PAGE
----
It's too European. The US is not a European country. If you listen to the soccer people and talk to the people that run soccer in this country, if you look at the list of people that run soccer in this country, if you look at the staffing of the US Soccer Federation, if you look at their coaches, the coaches of the National Teams, the coaches of MLS, they are all European born or pro-European in their attitudes. This is a ridiculous state of affairs for this country.
This is not Europe. We actually sit right next to one of the biggest Latin American soccer countries in the world. And just below them we have obviously some of the greatest soccer countries in the world including Argentina and Brazil. We need to look south a bit instead of constantly looking east.
We are sitting on an absolute gold mine of talent in this country. We have more talent at the youth level than any European country and I'm not saying that as something that just came off the tope of my head. Most of the talent at the moment is Latin American because that is where the big waves of immigration are coming from. By and large that talent is being ignored. We have a blinkered coaching system. Too many blinkered coaches who do not want to look at it and do not want to exploit it. Now I'm hoping the Chivas arrival in MLS will alter that.
Let's cut to the chase. Are you saying there is prejudice?
I'm afraid it is. I have resisted that conclusion for many years. I see no point in beating around the bush. It's not racial prejudice. It's not racism. It's prejudice against a certain type of soccer, Latin soccer. If we want skillful soccer, a la Brazil - which is certainly what I want, and it clearly is what the majority of the world wants, that's the sort of soccer they want to see - then that prejudice has to go.
Now, if we decide in this country either by default or by some perfectly deliberate decision that we don't want to play like Brazil and would much rather play like Germany or England, then I think we are being stupid for two reasons: A) because Brazil plays much more attractive soccer. B) Because we have the players in this country who can deliver that much more intelligent type of soccer to us. And we're not using them. We're not even looking at them.
Do we have an indigenous type of soccer in the US? A definitive style?
No we don't. And we're not gonna get one as long as we deliberately ignore fifty percent of our soccer players? in terms of talent I would say seventy five percent of our soccer players. We are not using the resources we have got. We are underplaying our hand here calamitously.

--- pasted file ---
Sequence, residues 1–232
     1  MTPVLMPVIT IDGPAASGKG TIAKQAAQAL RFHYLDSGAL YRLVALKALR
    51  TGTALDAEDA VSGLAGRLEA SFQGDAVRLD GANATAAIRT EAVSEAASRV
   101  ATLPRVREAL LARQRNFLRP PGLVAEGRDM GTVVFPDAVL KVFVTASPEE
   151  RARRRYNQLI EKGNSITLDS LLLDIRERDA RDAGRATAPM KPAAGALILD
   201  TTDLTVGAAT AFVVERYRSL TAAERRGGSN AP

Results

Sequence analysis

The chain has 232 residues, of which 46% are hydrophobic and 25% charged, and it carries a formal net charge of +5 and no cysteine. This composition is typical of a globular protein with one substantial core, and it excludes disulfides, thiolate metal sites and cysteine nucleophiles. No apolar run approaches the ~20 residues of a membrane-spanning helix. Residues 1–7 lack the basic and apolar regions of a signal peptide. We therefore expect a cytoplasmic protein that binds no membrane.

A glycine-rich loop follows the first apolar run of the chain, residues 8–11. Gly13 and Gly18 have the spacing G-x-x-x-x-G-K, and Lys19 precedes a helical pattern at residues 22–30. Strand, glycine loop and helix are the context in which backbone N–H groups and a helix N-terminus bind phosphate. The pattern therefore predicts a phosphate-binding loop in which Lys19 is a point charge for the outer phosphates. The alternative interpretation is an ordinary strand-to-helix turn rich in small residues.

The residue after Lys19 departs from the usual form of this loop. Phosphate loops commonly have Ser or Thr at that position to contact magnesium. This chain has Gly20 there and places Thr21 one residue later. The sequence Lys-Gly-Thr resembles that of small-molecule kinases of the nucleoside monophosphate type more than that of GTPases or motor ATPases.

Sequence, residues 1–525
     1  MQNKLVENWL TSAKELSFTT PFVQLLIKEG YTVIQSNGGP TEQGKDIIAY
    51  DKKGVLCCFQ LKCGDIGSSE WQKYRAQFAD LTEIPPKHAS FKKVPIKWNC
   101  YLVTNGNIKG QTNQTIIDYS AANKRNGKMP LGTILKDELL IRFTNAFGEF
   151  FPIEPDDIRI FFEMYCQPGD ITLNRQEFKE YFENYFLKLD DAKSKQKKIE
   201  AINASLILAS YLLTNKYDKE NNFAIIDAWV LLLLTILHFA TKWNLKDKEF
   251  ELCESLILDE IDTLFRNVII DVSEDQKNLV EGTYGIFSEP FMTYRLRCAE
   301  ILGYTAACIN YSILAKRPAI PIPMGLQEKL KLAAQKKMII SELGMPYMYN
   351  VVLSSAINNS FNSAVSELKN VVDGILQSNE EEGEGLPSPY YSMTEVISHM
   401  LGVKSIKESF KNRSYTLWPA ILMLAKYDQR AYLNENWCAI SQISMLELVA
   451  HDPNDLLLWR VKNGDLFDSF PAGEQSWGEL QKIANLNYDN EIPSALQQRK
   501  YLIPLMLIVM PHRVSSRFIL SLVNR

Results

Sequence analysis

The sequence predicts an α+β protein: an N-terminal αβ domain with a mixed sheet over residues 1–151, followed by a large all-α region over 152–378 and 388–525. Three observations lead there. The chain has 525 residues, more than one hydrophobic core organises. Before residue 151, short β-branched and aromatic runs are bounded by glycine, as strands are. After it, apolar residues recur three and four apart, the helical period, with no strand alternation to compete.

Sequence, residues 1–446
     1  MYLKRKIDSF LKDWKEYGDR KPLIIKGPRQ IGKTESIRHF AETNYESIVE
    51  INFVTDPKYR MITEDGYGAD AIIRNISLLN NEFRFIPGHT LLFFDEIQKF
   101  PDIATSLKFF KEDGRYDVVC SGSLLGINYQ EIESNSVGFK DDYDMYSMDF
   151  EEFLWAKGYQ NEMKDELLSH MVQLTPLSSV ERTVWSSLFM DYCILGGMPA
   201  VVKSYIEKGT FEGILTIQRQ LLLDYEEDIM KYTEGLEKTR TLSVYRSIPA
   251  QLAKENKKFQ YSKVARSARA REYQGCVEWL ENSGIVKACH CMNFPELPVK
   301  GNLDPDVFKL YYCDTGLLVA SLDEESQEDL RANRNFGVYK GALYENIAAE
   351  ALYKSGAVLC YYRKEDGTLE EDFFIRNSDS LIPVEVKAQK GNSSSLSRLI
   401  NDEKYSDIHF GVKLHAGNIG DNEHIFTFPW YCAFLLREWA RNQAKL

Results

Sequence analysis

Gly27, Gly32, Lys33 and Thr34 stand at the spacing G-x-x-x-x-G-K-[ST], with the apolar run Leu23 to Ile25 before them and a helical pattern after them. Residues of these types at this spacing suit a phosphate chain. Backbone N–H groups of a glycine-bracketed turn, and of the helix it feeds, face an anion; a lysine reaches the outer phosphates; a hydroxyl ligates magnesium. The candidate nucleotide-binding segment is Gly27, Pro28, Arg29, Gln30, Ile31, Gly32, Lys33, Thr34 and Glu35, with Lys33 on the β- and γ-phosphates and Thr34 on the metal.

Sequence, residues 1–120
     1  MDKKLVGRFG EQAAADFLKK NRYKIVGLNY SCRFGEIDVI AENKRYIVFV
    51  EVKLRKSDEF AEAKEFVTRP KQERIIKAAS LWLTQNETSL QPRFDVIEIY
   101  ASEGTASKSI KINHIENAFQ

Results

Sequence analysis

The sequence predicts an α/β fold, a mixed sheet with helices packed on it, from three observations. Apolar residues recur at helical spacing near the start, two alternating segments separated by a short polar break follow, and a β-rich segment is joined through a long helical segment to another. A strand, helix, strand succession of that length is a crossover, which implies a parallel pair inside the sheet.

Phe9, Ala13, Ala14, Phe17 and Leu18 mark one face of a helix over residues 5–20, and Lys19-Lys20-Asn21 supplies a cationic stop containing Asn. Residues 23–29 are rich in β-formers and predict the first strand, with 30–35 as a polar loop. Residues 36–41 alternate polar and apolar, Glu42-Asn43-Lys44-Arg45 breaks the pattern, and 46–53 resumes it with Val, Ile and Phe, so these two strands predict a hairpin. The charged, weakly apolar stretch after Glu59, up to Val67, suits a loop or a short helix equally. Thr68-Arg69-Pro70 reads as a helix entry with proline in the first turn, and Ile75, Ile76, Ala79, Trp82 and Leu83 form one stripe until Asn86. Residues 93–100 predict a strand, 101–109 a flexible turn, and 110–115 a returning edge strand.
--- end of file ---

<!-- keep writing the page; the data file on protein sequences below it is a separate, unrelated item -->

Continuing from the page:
So then what did you think of the US World Cup team's performance in the 2002 World Cup?
In terms of results it was obviously very good. But remember, they squeaked out of the first round. People tend to forget that. But we had a very, very good game against Mexico and Germany. So we did do well ultimately there. But in terms of type of soccer being played that's not half of what we could offer.
Were you not proud of the type of soccer being played?
I don't go for nationalism. I'm not proud of any of these things. I want to see what I want to see in terms of soccer which is skillful, on the ground, exciting, attractive game. The United States had most of those properties at some level, though not at the level I wanted to see. But in terms of creativity and artistry - both elements that are absolutely essential to the sort of soccer I want - we were pretty low on those two. You can get by on a game of effort, work, and industry. You can win games like that. Germany has been doing it for years. But to build a team on the essential soccer skills is not easy.
Is it difficult for you as a writer to come up with ideas?
No, not usually. This is a global sport with a million games being played every weekend, in a hundred different countries, with a thousand different players doing good things, bad things, stupid things and odd things.
Is it important for a writer to be liked and disliked?
No, I am a columnist now and that is a title you sort of acquire when you get older I suppose. A columnist obviously has to have opinions. If you don't have opinions you are not much of a columnist. If you have opinions then you are going t make some friends and some enemies. There is nothing you can do about that. People like that, they want to read things they can strongly agree or disagree with. Love you or hate you sort of things. That's part of life.